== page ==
Levant
and most North Africa; and is used in northern Egypt and some regions in Yemen and Oman. In addition to other minor allophones. #The Arabic letter ' () has three main pronunciations in spoken Varieties of Arabic, varieties. in most of the
Arabian Peninsula The Arabian Peninsula, (; ar, شِبْهُ الْجَزِيرَةِ الْعَرَبِيَّة, , "Arabian Peninsula" or , , "Island of the Arabs") or Arabia, is a peninsula of Western Asia, situated northeast of Africa Africa is t ...
, San'ani Arabic, Northern and Hadhrami Arabic, Eastern Yemen and parts of Oman, Southern Mesopotamian Arabic, Iraq, Upper Egypt,
Sudan Sudan ( or ; ar, السودان, as-Sūdān, officially the Republic of the Sudan ( ar, جمهورية السودان, link=no, Jumhūriyyat as-Sūdān), is a country in Northeast Africa. It shares borders with the Central African Republic ...
,
Libya Libya (; ar, ليبيا, Lībiyā), officially the State of Libya ( ar, دولة ليبيا, Dawlat Lībiyā), is a country in the Maghreb region in North Africa. It is bordered by the Mediterranean Sea to the north, Egypt to Egypt–Libya bo ...
, some parts of the Levant and to lesser extent in some parts (mostly rural) of
Maghreb The Maghreb (; ar, الْمَغْرِب, al-Maghrib, lit=the west), also known as the Arab Maghreb ( ar, المغرب العربي) and Northwest Africa, is the western part of North Africa and the Arab world. The region includes Algeria, ...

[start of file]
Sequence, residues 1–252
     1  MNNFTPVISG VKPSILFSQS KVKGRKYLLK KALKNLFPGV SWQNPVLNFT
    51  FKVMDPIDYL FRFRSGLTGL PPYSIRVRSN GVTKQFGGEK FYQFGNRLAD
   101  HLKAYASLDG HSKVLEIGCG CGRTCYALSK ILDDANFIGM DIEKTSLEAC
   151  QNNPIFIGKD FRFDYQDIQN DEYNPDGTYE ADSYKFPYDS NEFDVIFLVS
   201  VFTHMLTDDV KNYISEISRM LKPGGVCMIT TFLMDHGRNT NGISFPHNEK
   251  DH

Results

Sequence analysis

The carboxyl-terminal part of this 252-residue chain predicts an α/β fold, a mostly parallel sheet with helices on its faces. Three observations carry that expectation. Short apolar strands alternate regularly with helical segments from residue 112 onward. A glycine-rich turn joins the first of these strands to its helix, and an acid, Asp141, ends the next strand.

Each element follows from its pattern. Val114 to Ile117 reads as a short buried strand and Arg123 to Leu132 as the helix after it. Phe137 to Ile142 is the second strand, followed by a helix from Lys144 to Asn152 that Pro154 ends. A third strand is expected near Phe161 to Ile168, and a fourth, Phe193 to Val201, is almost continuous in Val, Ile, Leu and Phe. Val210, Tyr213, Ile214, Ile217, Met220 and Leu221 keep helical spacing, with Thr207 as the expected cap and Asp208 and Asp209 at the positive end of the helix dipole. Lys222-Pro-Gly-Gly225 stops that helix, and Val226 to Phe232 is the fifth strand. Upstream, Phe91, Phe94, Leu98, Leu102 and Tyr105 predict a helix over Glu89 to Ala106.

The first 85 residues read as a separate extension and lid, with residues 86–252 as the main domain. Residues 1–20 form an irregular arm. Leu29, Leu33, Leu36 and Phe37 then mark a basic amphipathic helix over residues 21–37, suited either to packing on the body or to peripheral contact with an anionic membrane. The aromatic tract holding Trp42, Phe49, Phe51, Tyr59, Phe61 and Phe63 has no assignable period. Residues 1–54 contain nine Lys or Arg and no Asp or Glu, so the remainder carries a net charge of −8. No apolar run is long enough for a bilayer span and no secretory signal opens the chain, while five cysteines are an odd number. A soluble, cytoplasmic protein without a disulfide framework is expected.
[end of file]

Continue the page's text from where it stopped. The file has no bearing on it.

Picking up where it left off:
. in most of Tunisia, Algeria and Morocco, Ta'izzi-Adeni Arabic, Southern and Tihamiyya Arabic, Western Yemen and parts of Oman, Northern Iraq, parts of the Levant especially Druze dialects. in most of the Levant and Lower Egypt, as well as some North African towns such as Tlemcen and Fez, Morocco, Fez. In addition to other minor allophones. #' can be written ', and always is in the Ugaritic#Phonology, Ugaritic and Arabic alphabet#Table of basic letters, Arabic contexts. In Ugaritic, sometimes assimilates to ', as in ''ġmʔ'' 'thirsty' (Arabic ''ẓmʔ'', Hebrew ''ṣmʔ'', but Ugaritic ''mẓmủ'' 'thirsty', root ''ẓmʔ'', is also attested). #Early Amharic might have had a different phonology. #The pronunciations /ʕ/ and /ħ/ for ''ʿAyin'' and ''Ḥet'', respectively, still occur among some older Mizrahi speakers, but for most modern Israelis, ''ʿAyin'' and ''Ḥet'' are realized as /ʔ, -/ and /χ ~ x/, respectively. The following table shows the development of the various fricatives in Hebrew, Aramaic and Arabic through cognate words: # possibly affricated (/dz/ /tɬʼ/ /ʦʼ/ /tθʼ/ /tɬ/)


Vowels

Proto-Semitic vowels are, in general, harder to deduce due to the nonconcatenative morphology of Semitic languages. The history of vowel changes in the languages makes drawing up a complete table of correspondences impossible, so only the most common reflexes can be given: # in a stressed open syllable # in a stressed closed syllable before a geminate # in a stressed closed syllable before a consonant cluster # when the proto-Semitic stressed vowel remained stressed # pS *a,*ā > Akk. e,ē in the neighborhood of pS *ʕ,*ħ and before r. # i.e. pS *g,*k,*ḳ,*χ > Ge'ez gʷ, kʷ,ḳʷ,χʷ / _u


Grammar

The Semitic languages share a number of grammatical features, although variation — both between separate languages, and within the languages themselves — has naturally occurred over time.


Word order